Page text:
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7. Sexual Immorality and Marriage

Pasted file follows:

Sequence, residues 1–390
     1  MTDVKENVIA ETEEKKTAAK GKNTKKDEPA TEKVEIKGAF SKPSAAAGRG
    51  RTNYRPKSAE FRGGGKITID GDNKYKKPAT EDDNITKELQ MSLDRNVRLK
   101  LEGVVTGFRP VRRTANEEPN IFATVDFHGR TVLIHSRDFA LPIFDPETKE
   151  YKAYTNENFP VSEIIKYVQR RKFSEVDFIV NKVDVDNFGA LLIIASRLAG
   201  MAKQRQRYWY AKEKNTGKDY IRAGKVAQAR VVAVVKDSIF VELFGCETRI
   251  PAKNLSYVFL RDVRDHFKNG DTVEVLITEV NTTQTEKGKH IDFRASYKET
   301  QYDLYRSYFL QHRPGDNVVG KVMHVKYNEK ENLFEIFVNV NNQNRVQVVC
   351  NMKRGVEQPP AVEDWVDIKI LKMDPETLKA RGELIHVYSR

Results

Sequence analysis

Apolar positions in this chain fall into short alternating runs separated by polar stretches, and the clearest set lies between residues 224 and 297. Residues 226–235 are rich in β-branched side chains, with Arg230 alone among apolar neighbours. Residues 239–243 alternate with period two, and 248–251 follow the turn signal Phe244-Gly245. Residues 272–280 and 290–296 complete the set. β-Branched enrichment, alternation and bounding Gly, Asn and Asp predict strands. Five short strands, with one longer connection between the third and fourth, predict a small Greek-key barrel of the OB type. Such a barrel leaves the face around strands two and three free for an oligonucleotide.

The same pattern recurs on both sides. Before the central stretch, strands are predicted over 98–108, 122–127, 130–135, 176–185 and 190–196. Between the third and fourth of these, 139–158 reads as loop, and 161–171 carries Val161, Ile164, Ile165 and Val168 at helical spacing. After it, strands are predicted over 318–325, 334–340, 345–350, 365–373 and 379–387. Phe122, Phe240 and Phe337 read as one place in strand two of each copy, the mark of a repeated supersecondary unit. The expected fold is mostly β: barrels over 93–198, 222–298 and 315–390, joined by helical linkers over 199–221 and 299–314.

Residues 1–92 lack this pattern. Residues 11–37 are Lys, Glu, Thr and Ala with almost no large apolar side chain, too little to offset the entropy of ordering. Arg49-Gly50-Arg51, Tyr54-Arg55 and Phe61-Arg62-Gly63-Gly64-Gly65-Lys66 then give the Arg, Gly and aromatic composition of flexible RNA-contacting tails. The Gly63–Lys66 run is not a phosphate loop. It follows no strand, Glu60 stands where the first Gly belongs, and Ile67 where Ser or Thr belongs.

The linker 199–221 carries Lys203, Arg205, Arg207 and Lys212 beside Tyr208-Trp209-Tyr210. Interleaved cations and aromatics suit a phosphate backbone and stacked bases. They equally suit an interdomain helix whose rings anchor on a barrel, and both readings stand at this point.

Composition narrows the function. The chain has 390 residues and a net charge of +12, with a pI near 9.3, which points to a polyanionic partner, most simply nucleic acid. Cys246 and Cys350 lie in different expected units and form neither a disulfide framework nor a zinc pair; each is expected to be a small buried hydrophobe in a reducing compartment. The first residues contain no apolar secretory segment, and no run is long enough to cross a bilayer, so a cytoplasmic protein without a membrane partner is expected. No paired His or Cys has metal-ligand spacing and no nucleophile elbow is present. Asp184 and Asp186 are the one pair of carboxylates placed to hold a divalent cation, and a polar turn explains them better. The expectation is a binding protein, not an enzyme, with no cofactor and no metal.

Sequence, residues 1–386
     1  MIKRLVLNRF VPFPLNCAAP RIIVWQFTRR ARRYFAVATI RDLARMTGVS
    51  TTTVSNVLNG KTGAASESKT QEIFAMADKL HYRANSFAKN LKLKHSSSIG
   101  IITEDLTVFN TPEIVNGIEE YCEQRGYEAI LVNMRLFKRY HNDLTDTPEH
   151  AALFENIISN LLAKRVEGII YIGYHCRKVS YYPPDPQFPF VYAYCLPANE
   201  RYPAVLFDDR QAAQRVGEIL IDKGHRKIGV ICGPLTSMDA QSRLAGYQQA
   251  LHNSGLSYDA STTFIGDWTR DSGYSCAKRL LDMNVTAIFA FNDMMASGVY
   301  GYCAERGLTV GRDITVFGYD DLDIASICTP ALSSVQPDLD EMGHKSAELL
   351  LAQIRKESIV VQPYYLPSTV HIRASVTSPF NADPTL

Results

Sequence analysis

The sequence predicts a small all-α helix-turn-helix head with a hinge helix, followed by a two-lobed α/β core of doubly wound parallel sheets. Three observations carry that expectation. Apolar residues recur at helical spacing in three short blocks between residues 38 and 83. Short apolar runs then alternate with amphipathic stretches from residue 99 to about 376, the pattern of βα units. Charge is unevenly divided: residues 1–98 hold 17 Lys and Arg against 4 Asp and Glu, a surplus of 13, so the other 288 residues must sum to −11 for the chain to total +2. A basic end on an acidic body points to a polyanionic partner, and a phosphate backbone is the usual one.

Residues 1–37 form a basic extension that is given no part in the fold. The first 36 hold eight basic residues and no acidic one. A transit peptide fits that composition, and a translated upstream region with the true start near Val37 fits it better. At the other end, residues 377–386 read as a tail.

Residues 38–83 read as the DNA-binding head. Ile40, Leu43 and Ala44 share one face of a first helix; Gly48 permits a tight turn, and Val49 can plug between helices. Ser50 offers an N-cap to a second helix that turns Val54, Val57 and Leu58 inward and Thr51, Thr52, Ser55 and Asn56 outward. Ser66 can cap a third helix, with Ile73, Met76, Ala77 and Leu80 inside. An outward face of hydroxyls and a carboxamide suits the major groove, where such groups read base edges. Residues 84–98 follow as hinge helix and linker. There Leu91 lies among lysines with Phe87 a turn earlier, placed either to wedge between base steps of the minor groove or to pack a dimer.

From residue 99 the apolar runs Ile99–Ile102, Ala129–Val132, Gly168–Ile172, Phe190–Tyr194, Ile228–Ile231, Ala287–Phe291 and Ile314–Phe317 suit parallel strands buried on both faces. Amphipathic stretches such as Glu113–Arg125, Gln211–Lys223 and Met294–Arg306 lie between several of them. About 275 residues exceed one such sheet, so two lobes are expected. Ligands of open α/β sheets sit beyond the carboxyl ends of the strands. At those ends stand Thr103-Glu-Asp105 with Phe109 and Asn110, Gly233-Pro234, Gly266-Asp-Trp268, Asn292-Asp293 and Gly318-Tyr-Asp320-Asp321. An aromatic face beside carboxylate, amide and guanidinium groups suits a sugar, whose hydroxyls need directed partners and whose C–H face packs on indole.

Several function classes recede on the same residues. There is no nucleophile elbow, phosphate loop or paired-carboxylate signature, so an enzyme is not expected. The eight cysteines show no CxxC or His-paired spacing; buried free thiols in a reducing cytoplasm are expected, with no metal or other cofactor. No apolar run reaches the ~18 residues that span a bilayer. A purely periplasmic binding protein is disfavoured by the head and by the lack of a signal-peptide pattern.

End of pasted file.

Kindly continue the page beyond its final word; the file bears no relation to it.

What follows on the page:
Now concerning the things whereof ye wrote unto me: It is good for a man not to touch a woman. 2Nevertheless, to avoid fornication, let every man have his own wife, and let every woman have her own husband. 3Let the husband render unto the wife due benevolence: and likewise also the wife unto the husband. 4The wife hath not power of her own body, but the husband: and likewise also the husband hath not power of his own body, but the wife. 5Defraud ye not one the other, except it be with consent for a time, that ye may give yourselves to fasting and prayer; and come together again, that Satan tempt you not for your incontinency. 6But I speak this by permission, and not of commandment. 7For I would that all men were even as I myself. But every man hath his proper gift of God, one after this manner, and another after that.